Is it just me, or does anybody else get frustrated with the state of business communication? I am convinced it has to do with new technology and a resulting informality of how we communicate.
Don't get me wrong; I appreciate e-mail, texting, and social media as much as anyone. However, I don't think that using these great resources should be a license to forego common courtesies, protocols, and a professional manner.
Here are a few of my communication pet peeves.
I hope that this hasn't become our new normal, but even if it has, think of your chance to stand out from the crowd by not being a part of that new norm. I can tell you that, for me, someone with great writing/communication skills stands out from the crowd and gets my attention in a very positive manner.
As much as I try not to, I realize I am guilty from time to time. I really do try to catch myself. But, if you catch me in violation, please point it out to me. But do so in a kind, gentle, trying-to-help-you-out kind of approach. A nasty, mean-spirited email will just result in a quick delete.
Photo by Anne-Lise Heinrichs.
We have spent quite a bit of time in this space talking about how you establish the brand you want. A big part of the brand revolves around the things you need to be talking about and where you need to be talking about them. What you also need to consider and be equally aware of is how much what you don’t say affects your brand, as well.
I don’t know if it’s just me, but it seems the general rules of professionalism and communication protocol have become very loose, or abandoned altogether. All too frequently, I experience the following:
When I experience these behaviors, it tells me a lot about the individual; it tells me that they are unorganized, less than professional, and lacking the confidence to state a position. It influences the “brand” I assign to them.
I realize that most of the time, this probably isn’t a true reflection of who they are, at least all of the time. I’m sure that in their minds they would never behave this way when “it really matters” for them (like with clients). However, I would caution though that they are on a slippery slope. Bad behaviors have a way of becoming bad habits and habits become who we truly are.
I’m sure that most of them also excuse their own behavior because they witness it in others around them and believe, therefore, it must be a new acceptable standard. If that’s true, it’s very sad commentary on our general state of professionalism.
If this lack of professional courtesy in communication is the new standard, think about how strong your brand could be by comparison if you are the exception who:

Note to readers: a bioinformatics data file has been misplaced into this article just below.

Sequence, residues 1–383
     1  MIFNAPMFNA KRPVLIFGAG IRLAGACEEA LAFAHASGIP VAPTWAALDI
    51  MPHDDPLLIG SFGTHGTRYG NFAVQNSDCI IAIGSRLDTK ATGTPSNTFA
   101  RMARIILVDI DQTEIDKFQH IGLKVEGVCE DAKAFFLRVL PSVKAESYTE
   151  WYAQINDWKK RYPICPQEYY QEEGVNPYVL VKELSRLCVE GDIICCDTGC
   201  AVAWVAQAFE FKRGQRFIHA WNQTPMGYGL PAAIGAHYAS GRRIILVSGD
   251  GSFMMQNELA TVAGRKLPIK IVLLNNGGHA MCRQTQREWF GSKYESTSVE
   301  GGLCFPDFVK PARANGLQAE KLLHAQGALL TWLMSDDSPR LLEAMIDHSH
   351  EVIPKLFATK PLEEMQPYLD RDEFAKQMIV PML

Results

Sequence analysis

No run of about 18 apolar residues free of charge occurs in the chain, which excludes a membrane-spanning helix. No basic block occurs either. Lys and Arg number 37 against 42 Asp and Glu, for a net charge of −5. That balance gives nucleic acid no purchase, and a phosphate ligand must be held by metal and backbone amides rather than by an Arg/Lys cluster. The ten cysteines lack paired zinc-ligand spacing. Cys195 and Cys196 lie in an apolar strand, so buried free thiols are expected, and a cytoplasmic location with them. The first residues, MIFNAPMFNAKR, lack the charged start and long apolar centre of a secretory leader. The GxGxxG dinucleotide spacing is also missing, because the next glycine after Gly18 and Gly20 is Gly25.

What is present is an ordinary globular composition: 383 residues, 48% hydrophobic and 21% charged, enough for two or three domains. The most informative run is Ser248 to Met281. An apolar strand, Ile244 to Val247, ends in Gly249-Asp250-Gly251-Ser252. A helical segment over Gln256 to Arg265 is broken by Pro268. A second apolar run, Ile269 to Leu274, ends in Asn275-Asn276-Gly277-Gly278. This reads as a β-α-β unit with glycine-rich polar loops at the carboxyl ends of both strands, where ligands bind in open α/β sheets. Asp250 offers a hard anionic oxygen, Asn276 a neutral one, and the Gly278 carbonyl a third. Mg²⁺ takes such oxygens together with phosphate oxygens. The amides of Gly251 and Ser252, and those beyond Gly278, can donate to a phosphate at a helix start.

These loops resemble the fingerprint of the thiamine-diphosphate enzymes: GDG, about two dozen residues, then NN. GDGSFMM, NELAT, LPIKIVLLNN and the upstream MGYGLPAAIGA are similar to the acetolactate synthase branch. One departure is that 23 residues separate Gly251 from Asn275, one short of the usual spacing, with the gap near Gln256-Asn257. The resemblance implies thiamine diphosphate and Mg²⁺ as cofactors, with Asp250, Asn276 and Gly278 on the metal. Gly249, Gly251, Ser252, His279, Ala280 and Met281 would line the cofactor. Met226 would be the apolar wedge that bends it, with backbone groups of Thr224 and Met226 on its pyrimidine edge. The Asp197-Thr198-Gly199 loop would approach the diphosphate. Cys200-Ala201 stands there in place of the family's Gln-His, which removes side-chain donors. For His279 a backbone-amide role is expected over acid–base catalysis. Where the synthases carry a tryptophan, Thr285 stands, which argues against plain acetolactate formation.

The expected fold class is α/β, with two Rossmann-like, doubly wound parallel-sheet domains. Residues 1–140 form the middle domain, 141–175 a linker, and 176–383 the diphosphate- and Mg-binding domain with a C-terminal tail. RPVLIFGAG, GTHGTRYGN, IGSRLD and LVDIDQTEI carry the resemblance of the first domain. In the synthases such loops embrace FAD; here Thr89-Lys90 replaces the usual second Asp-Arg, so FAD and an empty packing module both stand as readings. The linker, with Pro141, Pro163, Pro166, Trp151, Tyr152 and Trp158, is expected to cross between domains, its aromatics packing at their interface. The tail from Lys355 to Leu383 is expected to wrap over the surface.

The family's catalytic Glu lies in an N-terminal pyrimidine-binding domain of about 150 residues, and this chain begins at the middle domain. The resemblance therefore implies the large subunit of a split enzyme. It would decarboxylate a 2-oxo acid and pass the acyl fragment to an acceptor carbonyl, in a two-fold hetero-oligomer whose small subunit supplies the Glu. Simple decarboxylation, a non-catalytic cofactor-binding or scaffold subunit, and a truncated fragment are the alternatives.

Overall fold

Photo by humboldthead.
New talent – every industry needs to have a steady flow of new people and ideas joining their ranks in order to stay current with client needs, industry and cultural trends, and technology. Which are all rapidly changing business practices.
As Kevin talked about recently in his “Wander On In” post, finding that young talent is essential to the survival of the industry. And something critical that these new folks are bringing with them is their fresh perspective on business and their comfort with technology.
These two ideas combine make a very powerful new business tool from which we, as established business professionals, need to take a lesson.
Whether purposefully getting into the industry or wandering into it by accident, these young professionals are bringing their new ideas about business with them. And they are either joining our teams or the competitors’ teams. Regardless of which team they join, they are changing the rules of the game. And everyone who wants to continue playing the game has got to learn these new rules and start playing by them too.
I recently spoke with a group of university students who have formed a professional women’s organization and are actively recruiting business community members to help prepare them for their careers. One of the things that struck me as awe-inspiring about these students (besides their obvious initiative) was the understanding they had of the distinction between a personal and professional presence (both in-person & online), and how they are actively pursuing the professional because they understand the importance of it. It’s so important, in fact, that the university is offering free courses to its students to help them develop a professional online presence.
Even though these students have likely grown up having Facebook accounts for connecting with friends, these women all had very well-done LinkedIn profiles that put to shame most experienced professional profiles I see.
Granted, there is college and internship information filling in these profiles right now, but these women get it. They know how to present themselves in a professional manner and they have yet to even graduate. When they do graduate, they are going to Wow! their future employers and intimidate their competition right from the starting line.
As seasoned professionals, it’s our choice to jump in and learn these new rules – and help make some new rules of our own, or wait for the competition (internal or external) to overtake us and render us irrelevant.
We recommend that every agency owner, manager, and producer maintain a complete and up-to-date profile on LinkedIn. It’s a minimum expectation of any business professional.